However, it is not just the addition of non-monetary benefits and long timescales that worries me, the issue of risk gets too little attention, in my view. It is very hard to predict actual energy savings from retrofits due to a variety of factors, from inadequate understanding of the structure already present to variable installation quality. The recommendations we get on energy certificates have an allowance called the 'in-use' factor that partly covers these uncertainties - but these factors are based on averages. Also the in-use factor excludes comfort taking, which may or may not be due to actual changes in control settings by the occupants (see also my review of 'The Rebound effect in Home Heating' by Ray Galvin). This means that estimates of financial savings have a large element of uncertainty.

EnergieSprong's performance guarantee is a promising strategy.
While I would not wish to discourage anyone from installing energy efficiency improvements in their home, I would hesitate to recommend this purely on a cost saving basis, at least without an assessment of uncertainty or some kind of performance guarantee. This is why I find the EnergieSprong initiative interesting. The concept has apparently been working well in the Netherlands and is now coming to the UK, with an initial pilot in Nottingham [2].

Sunday, 13 January 2019

One third of microplastic in the oceans comes from washing clothes - really?

I recently heard a claim that a third of microplastic in the ocean comes from laundry, as synthetic clothes shed fibres in the wash. (This was on a radio program called New Year Solutions: clothes, on radio 4.) This struck me as unlikely so I checked and I believe I found the source: a report from the IUCN in 2017[1]. They do indeed estimate that a third of primary microplastics come from laundry – averaged over the world. However this varies hugely in different regions. I found estimates specific to the UK in a report by Eunomia for Friends of the Earth [2]. They found that only 8% of UK primary microplastic is from laundry. The bulk is actually from tyre wear from cars and lorries.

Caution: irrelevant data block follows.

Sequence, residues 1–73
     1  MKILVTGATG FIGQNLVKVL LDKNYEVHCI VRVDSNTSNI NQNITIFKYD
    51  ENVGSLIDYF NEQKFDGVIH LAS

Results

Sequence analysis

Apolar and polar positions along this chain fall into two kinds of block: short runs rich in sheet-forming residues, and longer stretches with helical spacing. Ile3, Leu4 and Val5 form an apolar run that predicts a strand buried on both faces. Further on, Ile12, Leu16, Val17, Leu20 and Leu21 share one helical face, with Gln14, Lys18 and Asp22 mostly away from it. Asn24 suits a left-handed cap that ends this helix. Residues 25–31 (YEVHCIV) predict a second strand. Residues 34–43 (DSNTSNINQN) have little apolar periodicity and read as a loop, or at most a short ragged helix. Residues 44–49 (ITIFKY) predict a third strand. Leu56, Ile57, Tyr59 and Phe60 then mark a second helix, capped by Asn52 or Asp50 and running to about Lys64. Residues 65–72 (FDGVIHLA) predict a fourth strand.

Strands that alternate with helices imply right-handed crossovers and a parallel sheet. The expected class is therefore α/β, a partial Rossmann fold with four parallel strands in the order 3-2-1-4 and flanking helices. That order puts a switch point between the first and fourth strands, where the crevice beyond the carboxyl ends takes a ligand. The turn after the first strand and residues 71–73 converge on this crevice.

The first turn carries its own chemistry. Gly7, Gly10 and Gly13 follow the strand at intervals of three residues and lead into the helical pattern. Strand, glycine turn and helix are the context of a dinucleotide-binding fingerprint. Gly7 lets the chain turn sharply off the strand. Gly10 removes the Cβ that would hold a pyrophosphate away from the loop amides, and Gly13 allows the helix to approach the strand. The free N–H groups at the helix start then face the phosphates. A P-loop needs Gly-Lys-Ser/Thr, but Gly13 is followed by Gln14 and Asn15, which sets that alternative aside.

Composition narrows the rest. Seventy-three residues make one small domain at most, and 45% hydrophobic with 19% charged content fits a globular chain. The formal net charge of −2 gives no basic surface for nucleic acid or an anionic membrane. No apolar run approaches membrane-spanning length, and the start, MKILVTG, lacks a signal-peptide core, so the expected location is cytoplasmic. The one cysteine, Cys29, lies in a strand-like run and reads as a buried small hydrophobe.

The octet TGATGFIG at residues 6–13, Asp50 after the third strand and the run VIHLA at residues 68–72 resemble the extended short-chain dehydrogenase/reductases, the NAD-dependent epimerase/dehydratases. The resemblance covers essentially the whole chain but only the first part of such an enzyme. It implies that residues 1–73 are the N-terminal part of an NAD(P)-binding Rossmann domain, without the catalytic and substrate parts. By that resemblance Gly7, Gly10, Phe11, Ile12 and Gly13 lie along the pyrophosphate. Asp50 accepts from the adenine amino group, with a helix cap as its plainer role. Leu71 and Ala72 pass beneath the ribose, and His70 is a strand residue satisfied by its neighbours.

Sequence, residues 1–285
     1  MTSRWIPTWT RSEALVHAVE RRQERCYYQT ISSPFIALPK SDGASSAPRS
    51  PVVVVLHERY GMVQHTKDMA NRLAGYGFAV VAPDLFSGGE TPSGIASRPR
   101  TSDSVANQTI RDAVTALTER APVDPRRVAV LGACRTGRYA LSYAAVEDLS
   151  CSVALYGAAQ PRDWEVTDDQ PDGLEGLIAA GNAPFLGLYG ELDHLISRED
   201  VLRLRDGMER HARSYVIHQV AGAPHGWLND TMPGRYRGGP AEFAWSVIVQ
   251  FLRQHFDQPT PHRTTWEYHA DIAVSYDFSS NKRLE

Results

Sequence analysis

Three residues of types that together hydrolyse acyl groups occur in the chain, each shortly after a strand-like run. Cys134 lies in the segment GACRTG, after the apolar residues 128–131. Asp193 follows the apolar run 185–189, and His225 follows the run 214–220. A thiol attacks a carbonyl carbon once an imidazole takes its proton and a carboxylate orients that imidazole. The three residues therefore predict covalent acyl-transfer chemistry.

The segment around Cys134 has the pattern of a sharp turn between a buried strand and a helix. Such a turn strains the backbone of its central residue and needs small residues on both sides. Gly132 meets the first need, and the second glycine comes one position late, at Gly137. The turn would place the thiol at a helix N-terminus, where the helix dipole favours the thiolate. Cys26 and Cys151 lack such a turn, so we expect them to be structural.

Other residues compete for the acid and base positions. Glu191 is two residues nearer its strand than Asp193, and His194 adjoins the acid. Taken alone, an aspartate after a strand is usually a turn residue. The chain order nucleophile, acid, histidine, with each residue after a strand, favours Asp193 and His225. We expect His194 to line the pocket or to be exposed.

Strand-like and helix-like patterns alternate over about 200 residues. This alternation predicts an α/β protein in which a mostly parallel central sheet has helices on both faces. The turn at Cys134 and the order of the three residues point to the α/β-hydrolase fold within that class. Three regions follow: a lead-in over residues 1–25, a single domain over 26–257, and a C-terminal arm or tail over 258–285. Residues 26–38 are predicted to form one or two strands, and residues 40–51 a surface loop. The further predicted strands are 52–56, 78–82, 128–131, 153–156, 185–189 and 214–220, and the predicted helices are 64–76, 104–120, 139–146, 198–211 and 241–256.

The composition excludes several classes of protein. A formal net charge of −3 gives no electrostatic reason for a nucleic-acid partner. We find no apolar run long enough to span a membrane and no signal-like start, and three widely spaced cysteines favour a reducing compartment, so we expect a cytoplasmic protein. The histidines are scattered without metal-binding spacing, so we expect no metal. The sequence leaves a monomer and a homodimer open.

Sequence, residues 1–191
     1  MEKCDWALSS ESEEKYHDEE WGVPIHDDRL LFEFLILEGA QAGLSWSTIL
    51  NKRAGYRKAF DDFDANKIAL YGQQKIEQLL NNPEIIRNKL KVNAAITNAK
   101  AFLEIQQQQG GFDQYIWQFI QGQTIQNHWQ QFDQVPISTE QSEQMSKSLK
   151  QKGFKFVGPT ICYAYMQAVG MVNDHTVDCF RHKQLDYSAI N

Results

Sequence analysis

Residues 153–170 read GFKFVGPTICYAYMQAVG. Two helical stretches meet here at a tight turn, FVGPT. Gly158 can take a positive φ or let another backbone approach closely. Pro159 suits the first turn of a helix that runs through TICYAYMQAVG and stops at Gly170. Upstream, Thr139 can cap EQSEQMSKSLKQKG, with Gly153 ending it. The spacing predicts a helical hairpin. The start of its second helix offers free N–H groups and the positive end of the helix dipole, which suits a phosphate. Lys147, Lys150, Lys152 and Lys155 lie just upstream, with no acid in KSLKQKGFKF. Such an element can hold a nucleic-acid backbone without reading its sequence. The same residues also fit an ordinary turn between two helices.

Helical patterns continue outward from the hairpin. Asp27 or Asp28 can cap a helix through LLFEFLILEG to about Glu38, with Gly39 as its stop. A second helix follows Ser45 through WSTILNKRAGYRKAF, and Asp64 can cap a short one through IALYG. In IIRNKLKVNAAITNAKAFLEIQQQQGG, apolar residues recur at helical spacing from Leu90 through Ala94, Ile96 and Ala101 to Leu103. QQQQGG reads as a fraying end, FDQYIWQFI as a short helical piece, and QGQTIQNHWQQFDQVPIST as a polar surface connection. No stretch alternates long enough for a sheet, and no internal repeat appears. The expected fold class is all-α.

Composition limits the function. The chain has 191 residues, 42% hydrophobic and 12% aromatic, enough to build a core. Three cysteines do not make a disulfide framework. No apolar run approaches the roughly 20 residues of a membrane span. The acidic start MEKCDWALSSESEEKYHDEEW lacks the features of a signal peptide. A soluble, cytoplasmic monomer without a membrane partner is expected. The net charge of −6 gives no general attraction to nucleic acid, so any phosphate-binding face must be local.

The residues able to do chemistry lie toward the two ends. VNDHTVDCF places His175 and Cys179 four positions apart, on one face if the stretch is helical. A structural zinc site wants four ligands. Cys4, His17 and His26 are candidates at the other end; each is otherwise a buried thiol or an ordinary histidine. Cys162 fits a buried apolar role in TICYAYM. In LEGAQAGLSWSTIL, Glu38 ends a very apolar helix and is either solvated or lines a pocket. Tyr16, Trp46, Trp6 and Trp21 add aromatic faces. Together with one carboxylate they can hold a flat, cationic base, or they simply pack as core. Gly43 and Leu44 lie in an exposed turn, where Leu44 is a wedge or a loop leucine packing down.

Thursday, 3 January 2019

Some facts about food waste

Michael Gove has announced that we could divert 250 million meals per year to the most needy in society [1]. Is this a lot? There are 67 million people in the UK (approx). If we each eat 2 meals per day, that comes to 49 billion meals per year. The quoted 250 million meals is 0.5% of consumption. That seems a very low level of wastage to me, though we should still redistribute it if that is practical. We waste a lot more food at home. Here are some more facts about food waste.

Friday, 23 November 2018

Are hybrid heat pumps the solution for low carbon heating?

The Committee on Climate Change has just published their view on the role of hydrogen in a low carbon economy [1]. Their recommendation for people currently on gas is to insulate your home as much as possible and then install a hybrid heat pump/boiler system. You can get hybrid systems now, only burning methane gas rather than hydrogen. The idea with a hybrid is that the heat pump supplies all the heat most of the time, but with a boiler for backup when demand is very high or electricity supply is expensive. In theory, a hybrid system should supply around 90% of the heat from the heat pump - however, this is only the case when the system is configured correctly. In field trials the proportion of heat from the heat pump has ranged from 96% down to 30% [2]. No wonder the RHI subsidy requires that hybrid heat pumps have metering to actually measure how much renewable heat is supplied through the heat pump [3]. If hybrid heating systems are to play their part in a sustainable future we have to learn how to manage them properly.